Senior Editor

Question of the day:

What happens when our general quality of life is so good, that we virtually have little to nothing to complain about?

My answer:

We complain about everything.

Now, I’ve never been out of the country, but I don’t think you have to travel the world to know that the majority of the people that live in this country have “first-world problems,” or problems that one can only experience in the first world.

Some examples include: “My iPhone is so slow right now.” (I probably say this at least four times a day.) “I have so much stuff and not enough space for any of it!” (Story of my life. I know. I should be ashamed of myself.) “I want to change the channel/put a DVD on/turn the heat up/go to the bathroom…but that involves getting up.” (Don’t even ask me how many times I say this to myself in a day. It’s embarrassing.)

In other words, we have problems that aren’t even really problems.

So, if America as a whole has “first-world problems,” then what do we have here at good ol’ Fairleigh Dickinson University?

You, reading this, know all too well.

The notorious, yet also widely loved @fduproblems.

The name has come to refer to much more than just the individual FDU Problems, an anonymous Twitter-user, or perhaps multiple users, who has said some salty, though, admittedly, often pretty humorous things about our “esteemed” institution in the past.

“FDU problems” is more like one phrase that encompasses the wide spectrum of things that can/do go wrong at this school.

I’ll admit, I’ve laughed at things I’ve read on FDU Problems in the past, more than once. But on the whole, I’m not a huge fan. Not because of what this mysterious person is saying, or because of what its followers have to say in response.

It’s a free country. You have the right to say whatever you want about your school, for whatever reason you see fit until you’re blue in the face.

Don’t let me stop you.

That being said, just like with our “first-world problems,” I think that my fellow classmates should consider that some of these problems might not be problems at all.

For instance, to the people who were pissed off that school wasn’t reopening in the aftermath of Hurricane Sandy fast enough… do you seriously think that the school remained closed of its own volition?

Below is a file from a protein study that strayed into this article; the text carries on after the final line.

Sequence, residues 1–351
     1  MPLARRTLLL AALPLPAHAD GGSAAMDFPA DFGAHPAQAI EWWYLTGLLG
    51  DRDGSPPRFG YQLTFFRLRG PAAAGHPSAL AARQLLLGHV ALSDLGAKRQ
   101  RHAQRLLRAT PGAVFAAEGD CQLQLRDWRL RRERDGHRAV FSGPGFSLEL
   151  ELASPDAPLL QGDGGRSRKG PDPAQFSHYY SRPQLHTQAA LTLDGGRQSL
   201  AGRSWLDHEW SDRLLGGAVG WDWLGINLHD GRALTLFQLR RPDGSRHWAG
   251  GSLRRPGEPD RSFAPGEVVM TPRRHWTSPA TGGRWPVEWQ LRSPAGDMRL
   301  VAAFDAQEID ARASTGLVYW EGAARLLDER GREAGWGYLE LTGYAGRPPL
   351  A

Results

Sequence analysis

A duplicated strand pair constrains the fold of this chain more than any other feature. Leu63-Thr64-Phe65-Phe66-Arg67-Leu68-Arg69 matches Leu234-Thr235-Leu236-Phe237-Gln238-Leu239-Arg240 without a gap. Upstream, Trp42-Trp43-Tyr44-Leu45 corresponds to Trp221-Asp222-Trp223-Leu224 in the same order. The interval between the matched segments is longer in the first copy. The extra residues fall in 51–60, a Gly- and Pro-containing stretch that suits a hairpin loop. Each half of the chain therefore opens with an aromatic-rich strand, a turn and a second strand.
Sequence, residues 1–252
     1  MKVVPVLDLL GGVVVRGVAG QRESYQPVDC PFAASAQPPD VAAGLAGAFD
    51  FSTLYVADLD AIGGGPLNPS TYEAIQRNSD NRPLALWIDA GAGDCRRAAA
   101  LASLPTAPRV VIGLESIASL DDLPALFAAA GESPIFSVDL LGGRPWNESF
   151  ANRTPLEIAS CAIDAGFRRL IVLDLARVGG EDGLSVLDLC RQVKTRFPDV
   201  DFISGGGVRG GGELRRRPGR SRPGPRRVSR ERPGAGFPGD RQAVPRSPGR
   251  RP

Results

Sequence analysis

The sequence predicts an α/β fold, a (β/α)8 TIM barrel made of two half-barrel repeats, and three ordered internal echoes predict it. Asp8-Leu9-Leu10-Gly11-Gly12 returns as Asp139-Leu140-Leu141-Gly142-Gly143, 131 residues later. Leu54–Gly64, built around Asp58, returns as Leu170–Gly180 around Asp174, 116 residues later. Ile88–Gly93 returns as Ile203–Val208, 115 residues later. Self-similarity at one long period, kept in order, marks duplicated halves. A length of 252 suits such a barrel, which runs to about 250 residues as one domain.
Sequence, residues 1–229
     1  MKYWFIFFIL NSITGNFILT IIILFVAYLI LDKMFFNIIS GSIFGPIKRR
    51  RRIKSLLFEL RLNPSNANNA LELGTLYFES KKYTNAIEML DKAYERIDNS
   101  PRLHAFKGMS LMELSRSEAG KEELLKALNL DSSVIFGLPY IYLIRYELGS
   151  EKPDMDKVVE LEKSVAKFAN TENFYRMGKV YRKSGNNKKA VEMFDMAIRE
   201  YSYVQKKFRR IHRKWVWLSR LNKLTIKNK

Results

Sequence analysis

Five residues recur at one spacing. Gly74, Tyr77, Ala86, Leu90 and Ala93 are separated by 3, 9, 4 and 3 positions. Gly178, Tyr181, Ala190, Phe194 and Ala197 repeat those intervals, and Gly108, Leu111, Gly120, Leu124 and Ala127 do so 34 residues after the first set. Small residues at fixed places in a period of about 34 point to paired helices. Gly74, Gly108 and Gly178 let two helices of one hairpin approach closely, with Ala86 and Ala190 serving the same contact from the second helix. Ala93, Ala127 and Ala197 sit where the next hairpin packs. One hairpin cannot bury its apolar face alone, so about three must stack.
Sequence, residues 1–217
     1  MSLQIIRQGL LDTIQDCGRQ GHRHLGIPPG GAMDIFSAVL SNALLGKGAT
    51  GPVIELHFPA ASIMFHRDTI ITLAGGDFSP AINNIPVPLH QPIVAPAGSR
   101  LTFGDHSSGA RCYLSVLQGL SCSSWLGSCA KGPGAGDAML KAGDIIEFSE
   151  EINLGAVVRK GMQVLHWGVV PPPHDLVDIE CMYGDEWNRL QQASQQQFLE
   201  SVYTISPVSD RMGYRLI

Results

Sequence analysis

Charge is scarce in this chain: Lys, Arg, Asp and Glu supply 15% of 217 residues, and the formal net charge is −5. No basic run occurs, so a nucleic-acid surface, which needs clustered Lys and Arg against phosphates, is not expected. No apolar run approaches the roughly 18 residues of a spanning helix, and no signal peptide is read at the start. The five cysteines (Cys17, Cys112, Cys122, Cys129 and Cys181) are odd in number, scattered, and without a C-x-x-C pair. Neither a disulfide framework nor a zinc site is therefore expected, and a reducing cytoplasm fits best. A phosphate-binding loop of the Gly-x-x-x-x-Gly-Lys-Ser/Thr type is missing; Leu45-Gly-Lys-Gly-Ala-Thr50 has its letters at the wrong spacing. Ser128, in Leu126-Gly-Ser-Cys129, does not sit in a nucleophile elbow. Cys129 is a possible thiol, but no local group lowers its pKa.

Do you seriously think you were the only one inconvenienced, and that the school stayed closed solely for the purposes of antagonizing you?
Do you think that the powers that be, the individuals who are running the university day-in and day-out, were sipping wine and watching Netflix the entire time?

I doubt it, to say the least.

Things could have been handled better, sure. When asked, the Dean of Students and other campus life personnel admitted that there is not, in fact, a standard protocol by which to follow in the wake of a natural disaster, especially one of Sandy’s magnitude. The fact is, the effects of Hurricane Sandy and the events that followed in her wake were pretty much unfathomable before the storm hit.

For someone who grew up in Miami, Fla., a place where “hurricane” is pretty much a household word, I never expected that something like this would ever happen in New Jersey.

Either way, even if these or other gripes were actual, legitimate problems, we, the students, are going about solving them the wrong way.
My generation as a whole sometimes puzzles me.

We choose the strangest, and often, most inappropriate times to get all riled up about something, and we tend to express our frustrations in the most futile and, quite frankly, childish ways.

Don’t get me wrong, I’m no activist.

The most activism I’ve ever practiced is the odd donation to charity, liking a couple Facebook groups, and writing this column (all of which I can do while sitting on my ass).

I’m no different than the average person. I sit my on ass and say I’m doing I’m something for the world but I know I’m not.

I can see how it’s difficult to feel compassion for something far removed from you.

But, you know all hope for humanity is lost when people stop caring about what goes on in their own backyard. Or in this case, their own school.

We have a sense of apathy, especially with regards to our school, that baffles me sometimes. Clubs die because of lack of interest. Programs fail because of lack of participation.

This doesn’t just happen at FDU.

This is nothing new.